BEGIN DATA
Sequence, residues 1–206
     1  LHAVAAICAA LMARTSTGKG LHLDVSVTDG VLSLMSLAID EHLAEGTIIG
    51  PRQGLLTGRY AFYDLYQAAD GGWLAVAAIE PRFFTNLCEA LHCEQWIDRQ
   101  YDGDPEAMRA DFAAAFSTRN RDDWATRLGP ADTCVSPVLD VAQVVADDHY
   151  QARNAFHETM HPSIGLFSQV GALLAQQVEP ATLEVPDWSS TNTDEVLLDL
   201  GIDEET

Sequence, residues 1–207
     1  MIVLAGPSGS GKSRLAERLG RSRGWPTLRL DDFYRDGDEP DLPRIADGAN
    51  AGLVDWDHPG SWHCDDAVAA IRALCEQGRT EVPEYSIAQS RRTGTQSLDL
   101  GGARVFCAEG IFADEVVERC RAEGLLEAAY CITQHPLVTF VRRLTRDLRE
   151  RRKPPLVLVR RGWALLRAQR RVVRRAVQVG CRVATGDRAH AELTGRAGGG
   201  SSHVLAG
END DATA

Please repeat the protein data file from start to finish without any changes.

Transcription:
Sequence, residues 1–206
     1  LHAVAAICAA LMARTSTGKG LHLDVSVTDG VLSLMSLAID EHLAEGTIIG
    51  PRQGLLTGRY AFYDLYQAAD GGWLAVAAIE PRFFTNLCEA LHCEQWIDRQ
   101  YDGDPEAMRA DFAAAFSTRN RDDWATRLGP ADTCVSPVLD VAQVVADDHY
   151  QARNAFHETM HPSIGLFSQV GALLAQQVEP ATLEVPDWSS TNTDEVLLDL
   201  GIDEET

Sequence, residues 1–207
     1  MIVLAGPSGS GKSRLAERLG RSRGWPTLRL DDFYRDGDEP DLPRIADGAN
    51  AGLVDWDHPG SWHCDDAVAA IRALCEQGRT EVPEYSIAQS RRTGTQSLDL
   101  GGARVFCAEG IFADEVVERC RAEGLLEAAY CITQHPLVTF VRRLTRDLRE
   151  RRKPPLVLVR RGWALLRAQR RVVRRAVQVG CRVATGDRAH AELTGRAGGG
   201  SSHVLAG